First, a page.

Thursday, 9 April 2009

Ancient nickel famine may have birthed complex life

Almost 3 million years ago, a subtle geochemical change in volcanic lava may have set the stage for complex life to evolve.

According to geologist Mark Barley, nickel levels in lava and in the sea water began to drop approximately 2.7 million years ago, decreasing by more than half within the subsequent 200,000 years.

Decreased nickel levels were detrimental to the methane-producing microbes that inhabited Earth at the time, paving the way for the proliferation of oxygen-producing bacteria that eventually oxygenated the atmosphere.

"Methane-producing microbes, [which are called] methanogens, require the element nickel for their life and for the formation of methane," explained Barley, who is a professor in the University of Western Australia's School of Earth and Environment.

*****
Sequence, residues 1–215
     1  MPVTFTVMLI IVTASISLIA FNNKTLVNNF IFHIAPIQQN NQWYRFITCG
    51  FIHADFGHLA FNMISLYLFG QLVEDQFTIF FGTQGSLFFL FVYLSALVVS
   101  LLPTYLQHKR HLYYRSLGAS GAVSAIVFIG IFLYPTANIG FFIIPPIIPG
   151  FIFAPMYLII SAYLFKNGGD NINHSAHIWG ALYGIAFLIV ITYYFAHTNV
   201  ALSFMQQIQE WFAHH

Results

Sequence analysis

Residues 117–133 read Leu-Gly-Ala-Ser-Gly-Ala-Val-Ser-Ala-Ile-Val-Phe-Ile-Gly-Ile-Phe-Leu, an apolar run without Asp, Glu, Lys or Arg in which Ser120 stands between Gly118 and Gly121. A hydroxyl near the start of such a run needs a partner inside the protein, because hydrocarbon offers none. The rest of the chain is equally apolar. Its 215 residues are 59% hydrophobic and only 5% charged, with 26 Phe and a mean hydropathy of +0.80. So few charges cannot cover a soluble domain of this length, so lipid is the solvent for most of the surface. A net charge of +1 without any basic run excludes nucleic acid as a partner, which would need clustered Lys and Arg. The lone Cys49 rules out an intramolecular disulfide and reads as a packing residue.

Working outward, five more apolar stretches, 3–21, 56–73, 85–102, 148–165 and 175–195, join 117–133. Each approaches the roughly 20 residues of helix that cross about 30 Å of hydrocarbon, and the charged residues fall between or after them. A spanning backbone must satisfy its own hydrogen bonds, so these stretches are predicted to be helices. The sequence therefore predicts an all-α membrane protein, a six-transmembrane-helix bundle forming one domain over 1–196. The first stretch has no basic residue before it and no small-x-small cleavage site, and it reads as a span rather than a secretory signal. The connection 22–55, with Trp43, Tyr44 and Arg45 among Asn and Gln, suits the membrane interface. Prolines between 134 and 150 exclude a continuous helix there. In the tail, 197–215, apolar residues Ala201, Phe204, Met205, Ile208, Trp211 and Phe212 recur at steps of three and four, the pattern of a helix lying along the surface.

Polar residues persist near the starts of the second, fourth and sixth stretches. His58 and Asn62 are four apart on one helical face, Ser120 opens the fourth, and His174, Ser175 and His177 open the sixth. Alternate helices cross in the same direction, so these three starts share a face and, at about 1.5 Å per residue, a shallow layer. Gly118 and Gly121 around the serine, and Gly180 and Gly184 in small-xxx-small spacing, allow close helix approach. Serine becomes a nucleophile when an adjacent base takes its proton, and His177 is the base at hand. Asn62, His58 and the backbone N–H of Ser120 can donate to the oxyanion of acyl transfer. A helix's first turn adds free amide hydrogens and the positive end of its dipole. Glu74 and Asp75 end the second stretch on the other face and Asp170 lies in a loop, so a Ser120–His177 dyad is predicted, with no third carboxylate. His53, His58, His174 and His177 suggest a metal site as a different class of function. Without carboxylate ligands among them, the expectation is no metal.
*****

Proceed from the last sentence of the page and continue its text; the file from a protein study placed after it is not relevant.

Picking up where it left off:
“The nickel crash after its early boom 2.7 billion years ago helped make our planet habitable by complex life,” he said.

Barley and his colleagues say their findings could explain the puzzling 'Great Oxidation Event' that led to a dramatic rise of oxygen in Earth's atmosphere approximately 2.4 billion years ago.

The researchers' report was published today in the international weekly journal, Nature.

More information is available from the Carnegie Institution's press release.

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